From Opening Our Hearts, Transforming Our Losses, p. 170:
“Reflecting on our progress:
‘Looking back, I can still experience the pain I once felt. But it’s the looking back that tells me how I have grown.’
…We recall where we were at the onset of our grief and acknowledge where we are today. Step Twelve is not only about our own changes. One member came to realize that Step Twelve is about more than creating a better life for himself; it is also about encouraging and helping others. When we share our struggles and the changes we’ve made, we inspire others and offer hope that healing from our grief is possible.
‘Thanks to Al-Anon, I have done more than just survive. I have emerged as a stronger, more loving, and more compassionate human being.’”
I liken the onset of my grief to being in a dark tunnel. Absolutely immersed in darkness and stumbling around, for lack of light. I stumbled around for a long time, crippled by my own demons and an inflated sense of responsibility.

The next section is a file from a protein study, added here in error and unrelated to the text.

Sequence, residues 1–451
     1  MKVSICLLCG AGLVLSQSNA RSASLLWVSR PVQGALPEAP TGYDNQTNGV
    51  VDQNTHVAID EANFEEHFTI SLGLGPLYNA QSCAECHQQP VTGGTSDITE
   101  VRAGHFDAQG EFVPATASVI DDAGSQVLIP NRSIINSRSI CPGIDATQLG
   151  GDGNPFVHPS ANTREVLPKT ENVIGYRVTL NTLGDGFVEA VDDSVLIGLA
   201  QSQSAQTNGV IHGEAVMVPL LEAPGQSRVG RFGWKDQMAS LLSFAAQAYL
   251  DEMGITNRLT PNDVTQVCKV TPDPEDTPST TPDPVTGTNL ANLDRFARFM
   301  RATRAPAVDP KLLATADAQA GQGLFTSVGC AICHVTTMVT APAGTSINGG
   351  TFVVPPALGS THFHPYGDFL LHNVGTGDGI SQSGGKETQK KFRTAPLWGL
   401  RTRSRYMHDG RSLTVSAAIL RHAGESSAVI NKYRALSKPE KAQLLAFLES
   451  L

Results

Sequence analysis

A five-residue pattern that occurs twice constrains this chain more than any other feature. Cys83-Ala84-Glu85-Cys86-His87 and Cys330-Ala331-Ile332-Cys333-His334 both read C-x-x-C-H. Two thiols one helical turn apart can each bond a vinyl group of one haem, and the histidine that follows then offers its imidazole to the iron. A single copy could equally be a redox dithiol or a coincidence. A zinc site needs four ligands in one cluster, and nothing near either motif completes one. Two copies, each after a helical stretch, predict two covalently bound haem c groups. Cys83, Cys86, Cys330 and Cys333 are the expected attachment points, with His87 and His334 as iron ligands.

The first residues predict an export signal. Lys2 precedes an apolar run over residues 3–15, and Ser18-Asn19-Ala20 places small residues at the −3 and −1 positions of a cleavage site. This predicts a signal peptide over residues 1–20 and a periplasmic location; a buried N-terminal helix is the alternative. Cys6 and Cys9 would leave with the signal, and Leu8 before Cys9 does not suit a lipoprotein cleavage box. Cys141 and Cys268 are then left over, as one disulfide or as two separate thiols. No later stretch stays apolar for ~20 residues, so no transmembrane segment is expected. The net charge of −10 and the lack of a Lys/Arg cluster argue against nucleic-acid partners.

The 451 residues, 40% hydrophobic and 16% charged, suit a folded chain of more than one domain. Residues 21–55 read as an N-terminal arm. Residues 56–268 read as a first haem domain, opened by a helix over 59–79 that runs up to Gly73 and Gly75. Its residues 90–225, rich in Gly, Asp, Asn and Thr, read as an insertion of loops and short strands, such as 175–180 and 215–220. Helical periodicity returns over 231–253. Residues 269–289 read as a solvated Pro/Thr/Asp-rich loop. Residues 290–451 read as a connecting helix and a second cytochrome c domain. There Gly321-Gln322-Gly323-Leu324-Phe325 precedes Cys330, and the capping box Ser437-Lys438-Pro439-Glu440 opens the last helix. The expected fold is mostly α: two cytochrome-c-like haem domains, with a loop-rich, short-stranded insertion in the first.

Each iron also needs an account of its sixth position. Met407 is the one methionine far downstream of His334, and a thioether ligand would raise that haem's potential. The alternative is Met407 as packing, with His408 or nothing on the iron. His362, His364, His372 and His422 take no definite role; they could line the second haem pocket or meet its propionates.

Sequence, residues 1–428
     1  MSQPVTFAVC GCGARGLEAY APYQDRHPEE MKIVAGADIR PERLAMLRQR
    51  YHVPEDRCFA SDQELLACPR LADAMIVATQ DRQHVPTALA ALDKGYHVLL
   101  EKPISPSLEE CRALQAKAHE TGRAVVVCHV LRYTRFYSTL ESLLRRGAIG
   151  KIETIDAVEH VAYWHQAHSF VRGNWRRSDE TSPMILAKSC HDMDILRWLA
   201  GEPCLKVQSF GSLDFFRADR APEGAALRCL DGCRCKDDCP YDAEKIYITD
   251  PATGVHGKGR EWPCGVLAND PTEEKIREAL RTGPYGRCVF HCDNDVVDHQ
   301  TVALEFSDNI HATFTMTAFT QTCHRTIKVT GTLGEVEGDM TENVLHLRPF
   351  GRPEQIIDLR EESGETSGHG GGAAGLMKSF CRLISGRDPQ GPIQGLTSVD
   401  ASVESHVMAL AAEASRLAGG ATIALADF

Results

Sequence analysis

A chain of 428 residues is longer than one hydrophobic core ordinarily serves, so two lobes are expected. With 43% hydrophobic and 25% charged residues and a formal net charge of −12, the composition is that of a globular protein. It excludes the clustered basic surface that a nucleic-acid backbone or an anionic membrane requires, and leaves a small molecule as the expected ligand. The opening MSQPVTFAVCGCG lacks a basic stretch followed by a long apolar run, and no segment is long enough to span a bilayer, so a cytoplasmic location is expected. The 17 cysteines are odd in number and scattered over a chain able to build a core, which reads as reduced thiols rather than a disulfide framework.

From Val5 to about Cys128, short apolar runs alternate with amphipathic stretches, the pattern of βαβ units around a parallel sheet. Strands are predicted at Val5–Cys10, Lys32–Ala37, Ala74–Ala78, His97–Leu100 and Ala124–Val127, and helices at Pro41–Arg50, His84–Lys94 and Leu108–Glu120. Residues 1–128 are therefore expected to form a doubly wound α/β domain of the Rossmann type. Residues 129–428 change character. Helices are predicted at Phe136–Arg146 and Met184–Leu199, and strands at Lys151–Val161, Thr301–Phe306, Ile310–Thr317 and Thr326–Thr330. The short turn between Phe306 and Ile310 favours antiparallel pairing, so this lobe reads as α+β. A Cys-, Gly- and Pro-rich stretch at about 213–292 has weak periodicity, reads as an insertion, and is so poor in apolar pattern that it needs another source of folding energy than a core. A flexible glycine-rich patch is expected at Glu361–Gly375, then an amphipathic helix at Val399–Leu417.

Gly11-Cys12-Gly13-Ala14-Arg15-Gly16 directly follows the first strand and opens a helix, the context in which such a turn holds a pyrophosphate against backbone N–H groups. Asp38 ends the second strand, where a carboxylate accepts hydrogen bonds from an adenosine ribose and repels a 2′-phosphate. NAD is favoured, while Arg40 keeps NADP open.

Thank God for my recovery program which I finally had the good sense to follow. Years later, humbled by my inability to save my daughter, after countless meetings, readings and sharing, I decided that I was worth saving.
Unless we live in a bubble, there are surely other people in our lives whom we love and who love us. I miss Angie terribly, and I pray for her every day. But it’s the other people in my life who are benefitting the most from my ongoing recovery.
I’m grateful that I stayed in my program long enough for the miracles to begin. I made it through the tunnel and found the light. My life is good right now. I can laugh till my belly aches. I’m grateful for what’s right in front of me.
I’ve stopped chasing the butterfly.